Secure Server Implementation (Cheat Sheet)
Kevin Moreland, Software Engineer
Why would you want to implement a server from scratch? Sure, you could use Spring, Vaadin, Jetty, or one of a hundred other server frameworks and you'll be up and running much faster. Where's the fun in that?
Implementing your own is an excellent way to learn about the underlying protocols and standards. Resist the urge to use any third party libraries, wrappers, or built-in server classes so there is no "magic" hidden from view. This is by no means an exhaustive list:
- Make a build script (test locally, backup, deploy)
- Before getting too deep in code or trying to optimize, implement logging of requests/responses and benchmarking of response times
- Start with the HTTP 1.1 spec
- Identify the minimum feature set required
- Support the most common HTTP status codes and provide configurable error pages
- Handle permanent redirects to secure versions (separate server on 80)
- Support 304 not modified response
- Support keep alive and content-length headers
- Run server on a higher port with a limited permission, non-root user
- Skip implementing compression
- Give older clients the finger if you can afford to:
- Do not support older ciphers, non TLS 1.2 connections, or insecure negotiation mechanisms
- Monitor rejected TLS negotiations (just in case you were too restrictive for your target audience)
- Support permanent and temporary redirects
- Visit OWASP for security-minded headers that should be supported
- Redirect for canonicalization (limit dupes in engines)
- Enable SSL session creation, ids
- Set a max connection limit for server socket
- Limit the number of simultaneous connections/keep alive connects a single ip address can hold
- Set a reasonable keep alive time limit
- Limit max bytes on input stream
- Consider dropping speculative Chrome connections
- Implement no-cache headers on sensitive pages, resources, and items that require auth
- Implement the CSP header
- Avoid intensive computations used only during debug
- Disable unnecessary debug logging in production
- Cache expensive processes / static responses
- Limit parsing of dates
- Don't deliver sensitive server type, version, build date, etc. in production
- Don't deliver sensitive information during errors in production
- Submit host to hstspreload.org once stable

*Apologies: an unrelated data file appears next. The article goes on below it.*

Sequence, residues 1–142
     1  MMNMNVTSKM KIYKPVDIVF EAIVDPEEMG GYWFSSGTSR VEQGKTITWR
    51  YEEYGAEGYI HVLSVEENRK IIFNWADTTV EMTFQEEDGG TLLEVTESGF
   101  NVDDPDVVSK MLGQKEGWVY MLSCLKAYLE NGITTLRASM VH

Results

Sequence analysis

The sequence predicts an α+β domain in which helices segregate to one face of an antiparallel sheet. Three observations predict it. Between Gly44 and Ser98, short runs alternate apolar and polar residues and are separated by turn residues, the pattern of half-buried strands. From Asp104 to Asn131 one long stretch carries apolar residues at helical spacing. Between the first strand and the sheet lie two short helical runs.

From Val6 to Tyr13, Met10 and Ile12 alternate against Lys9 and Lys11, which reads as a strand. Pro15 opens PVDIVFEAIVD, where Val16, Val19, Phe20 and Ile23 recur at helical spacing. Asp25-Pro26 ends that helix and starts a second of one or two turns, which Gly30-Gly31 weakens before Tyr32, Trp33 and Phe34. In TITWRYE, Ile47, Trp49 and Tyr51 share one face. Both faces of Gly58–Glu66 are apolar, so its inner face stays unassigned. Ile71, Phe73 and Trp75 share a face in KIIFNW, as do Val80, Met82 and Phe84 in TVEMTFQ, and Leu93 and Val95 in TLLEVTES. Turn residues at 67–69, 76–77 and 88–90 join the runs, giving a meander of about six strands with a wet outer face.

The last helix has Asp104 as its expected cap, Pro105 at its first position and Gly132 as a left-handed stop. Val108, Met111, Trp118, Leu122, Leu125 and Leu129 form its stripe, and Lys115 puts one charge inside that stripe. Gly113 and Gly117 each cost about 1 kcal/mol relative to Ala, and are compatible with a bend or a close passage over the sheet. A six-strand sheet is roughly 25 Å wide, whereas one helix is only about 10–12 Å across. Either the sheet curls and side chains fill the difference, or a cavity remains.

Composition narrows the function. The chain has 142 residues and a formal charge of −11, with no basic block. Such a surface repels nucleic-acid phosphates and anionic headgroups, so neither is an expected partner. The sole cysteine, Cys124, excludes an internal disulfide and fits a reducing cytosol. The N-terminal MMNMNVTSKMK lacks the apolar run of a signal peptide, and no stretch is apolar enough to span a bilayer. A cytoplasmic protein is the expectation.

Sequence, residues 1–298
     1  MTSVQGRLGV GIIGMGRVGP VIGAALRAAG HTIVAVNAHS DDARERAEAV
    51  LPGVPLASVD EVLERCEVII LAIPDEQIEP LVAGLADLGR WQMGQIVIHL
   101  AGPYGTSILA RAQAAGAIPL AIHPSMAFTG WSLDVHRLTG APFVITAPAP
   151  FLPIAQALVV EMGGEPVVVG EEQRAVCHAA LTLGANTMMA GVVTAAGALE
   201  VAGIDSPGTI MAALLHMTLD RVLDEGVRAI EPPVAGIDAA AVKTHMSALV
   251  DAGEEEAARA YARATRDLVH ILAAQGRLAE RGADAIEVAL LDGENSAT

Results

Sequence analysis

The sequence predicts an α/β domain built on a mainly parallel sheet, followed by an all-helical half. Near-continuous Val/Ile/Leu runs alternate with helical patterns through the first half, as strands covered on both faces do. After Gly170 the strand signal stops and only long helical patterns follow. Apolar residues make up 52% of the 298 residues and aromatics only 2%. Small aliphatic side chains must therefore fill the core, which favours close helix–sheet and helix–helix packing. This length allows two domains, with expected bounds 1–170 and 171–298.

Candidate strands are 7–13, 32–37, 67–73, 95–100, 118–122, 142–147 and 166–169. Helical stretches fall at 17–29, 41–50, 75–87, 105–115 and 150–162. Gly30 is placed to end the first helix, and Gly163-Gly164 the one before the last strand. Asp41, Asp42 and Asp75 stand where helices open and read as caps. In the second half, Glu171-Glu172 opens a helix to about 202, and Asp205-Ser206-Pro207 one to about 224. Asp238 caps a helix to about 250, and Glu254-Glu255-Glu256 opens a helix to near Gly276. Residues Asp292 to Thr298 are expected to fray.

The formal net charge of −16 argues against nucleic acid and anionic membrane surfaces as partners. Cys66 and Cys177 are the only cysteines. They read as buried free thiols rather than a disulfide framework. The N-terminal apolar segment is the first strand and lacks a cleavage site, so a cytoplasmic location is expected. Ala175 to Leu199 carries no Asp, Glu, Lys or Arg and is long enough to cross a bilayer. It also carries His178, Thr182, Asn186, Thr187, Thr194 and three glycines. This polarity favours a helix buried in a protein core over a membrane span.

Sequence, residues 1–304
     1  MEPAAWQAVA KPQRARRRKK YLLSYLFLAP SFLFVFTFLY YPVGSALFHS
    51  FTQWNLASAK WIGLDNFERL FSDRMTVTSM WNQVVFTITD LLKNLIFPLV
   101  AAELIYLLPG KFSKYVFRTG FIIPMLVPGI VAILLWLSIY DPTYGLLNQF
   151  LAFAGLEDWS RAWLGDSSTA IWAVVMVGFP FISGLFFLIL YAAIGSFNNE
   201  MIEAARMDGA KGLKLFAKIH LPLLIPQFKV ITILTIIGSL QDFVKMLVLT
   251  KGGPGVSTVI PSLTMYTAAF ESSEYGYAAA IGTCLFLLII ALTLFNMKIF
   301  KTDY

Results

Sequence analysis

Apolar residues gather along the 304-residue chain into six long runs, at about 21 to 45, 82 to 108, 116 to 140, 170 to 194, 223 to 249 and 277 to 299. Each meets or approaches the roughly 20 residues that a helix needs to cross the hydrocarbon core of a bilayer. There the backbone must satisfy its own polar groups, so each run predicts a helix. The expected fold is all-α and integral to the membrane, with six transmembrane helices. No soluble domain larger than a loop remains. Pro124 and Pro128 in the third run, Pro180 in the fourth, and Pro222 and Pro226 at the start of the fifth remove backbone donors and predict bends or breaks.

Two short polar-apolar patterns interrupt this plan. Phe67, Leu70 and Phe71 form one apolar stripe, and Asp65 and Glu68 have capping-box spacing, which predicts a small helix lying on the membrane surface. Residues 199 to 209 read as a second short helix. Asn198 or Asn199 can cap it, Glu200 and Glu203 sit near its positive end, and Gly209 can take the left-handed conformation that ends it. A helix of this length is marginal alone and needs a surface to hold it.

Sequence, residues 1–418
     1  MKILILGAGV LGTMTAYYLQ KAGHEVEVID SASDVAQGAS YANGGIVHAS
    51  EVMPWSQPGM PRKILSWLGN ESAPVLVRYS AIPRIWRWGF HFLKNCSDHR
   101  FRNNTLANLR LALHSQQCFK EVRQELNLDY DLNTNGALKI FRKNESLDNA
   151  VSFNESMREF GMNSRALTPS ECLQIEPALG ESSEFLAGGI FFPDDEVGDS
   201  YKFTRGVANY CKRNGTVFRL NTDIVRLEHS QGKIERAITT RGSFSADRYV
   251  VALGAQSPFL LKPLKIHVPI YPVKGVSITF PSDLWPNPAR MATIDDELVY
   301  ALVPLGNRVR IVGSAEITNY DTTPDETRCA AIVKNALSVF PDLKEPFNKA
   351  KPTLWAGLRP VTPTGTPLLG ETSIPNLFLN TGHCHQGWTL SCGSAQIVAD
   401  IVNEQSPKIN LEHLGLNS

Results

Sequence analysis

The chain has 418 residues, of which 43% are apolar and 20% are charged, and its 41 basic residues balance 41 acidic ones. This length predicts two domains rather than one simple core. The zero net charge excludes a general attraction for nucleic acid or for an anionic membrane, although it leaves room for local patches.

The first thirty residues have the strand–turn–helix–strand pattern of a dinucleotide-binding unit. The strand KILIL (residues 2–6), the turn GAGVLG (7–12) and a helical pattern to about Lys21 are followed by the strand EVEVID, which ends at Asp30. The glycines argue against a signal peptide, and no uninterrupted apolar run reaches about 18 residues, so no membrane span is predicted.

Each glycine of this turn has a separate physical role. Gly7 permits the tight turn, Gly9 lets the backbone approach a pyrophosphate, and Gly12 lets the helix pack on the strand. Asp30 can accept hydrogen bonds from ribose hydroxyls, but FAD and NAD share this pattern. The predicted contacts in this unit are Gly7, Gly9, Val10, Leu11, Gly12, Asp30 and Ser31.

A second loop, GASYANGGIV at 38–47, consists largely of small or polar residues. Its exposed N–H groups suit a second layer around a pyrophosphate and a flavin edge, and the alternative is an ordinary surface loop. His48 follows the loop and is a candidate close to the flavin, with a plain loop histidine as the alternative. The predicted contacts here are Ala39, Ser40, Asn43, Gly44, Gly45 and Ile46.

- Add a Certification Authority Authorization (CAA) DNS record
Bonus points for:
- Supporting ChaCha20Poly1305 for mobile devices
- Using a 4096 bit server cert. TLS negotiation will take longer, but this can be offset by implementing keep alive, not modified headers, and keeping response sizes reasonable.
- Implementing backup scripts/tools to administer your server
- Implementing a "Maintenance Mode" server while the primary server is being rebuilt/synced
- Implementing a Monitoring/logging system for requests and server errors
- Implementing a watchdog server-side for monitoring and restarting servers
- Implementing multiple types of tripwires for auto-blocking bad actors
- Preventing hotlinking
- Implementing sessions / cookie handling
- Detecting session hijacking and warning the user
- Warning user if secure content is being intercepted with proxy or altered
- Implementing external monitoring of server (uptime, cert fingerprinting, port scanning, benchmarking response times)
- Automating LetsEncrypt cert renewal > into Java keystore; use full chain
- Coding a server implementation that supports the HTTP2 spec
- Supporting TLS 1.3
Web site / Content considerations:
- Design for mobile first, then overrides for desktops
- Ensure your site is responsive
- Use HTML5
- Minimize or eliminate third party resources
- Do not combine secure and non-secure resources if using third parties
- Prevent security issues by visiting OWASP for latest recommendations
- Validate all HTML, CSS, JS, and remove unused cruft
- At a minimum, test in the latest Chrome, Firefox, and Safari releases on all your target platforms
- Use placeholders in DB queries
- Reduce bandwidth by returning minimal HTML, CSS, JS to accomplish goals
- Guard against tree walking attacks
- Guard against accessing non-public resources
- Site icons (apple, android, favicon, ms)
- Set up the Google Search Console for your site
- Google site verification via DNS TXT record
- Humans and robots.txt
- Implement well-known items
- Apple-site-association file
- Validate all client input, including headers and verbs server-side
- Use Rich Snippets
You'll make plenty of mistakes — learn from them. You may be rewarded with less bloat/overhead. Visit OWASP to see if you've missed anything. Run some pen test tools against your server and set achieving an A+ rating from SSL Labs as one of your goals:
Other articles on this web site:
- Why create a design doc? And why you shouldn’t skip it.
The benefits of having a design document before you start coding.
- Why you should design for the mobile browser first.
Make a great first impression by focusing on mobile visitors.
- Designing a Server Monitoring and Alerting Service (Cheat Sheet)
A checklist of items when rolling your own server monitoring service.
- Automating the set up of a Linux-based VPS (Cheat Sheet)
Considerations when configuring a Debian-based Linux VPS.
- Certbot Automation for Java-based Servers (Cheat Sheet)
Ideas on how to automate Letsencrypt's certbot when you are running a Java-based server such as TomCat.
- Automate everything you possibly can, starting with your environment.
Automate everything you possibly can from the very beginning before writing the first line of project code.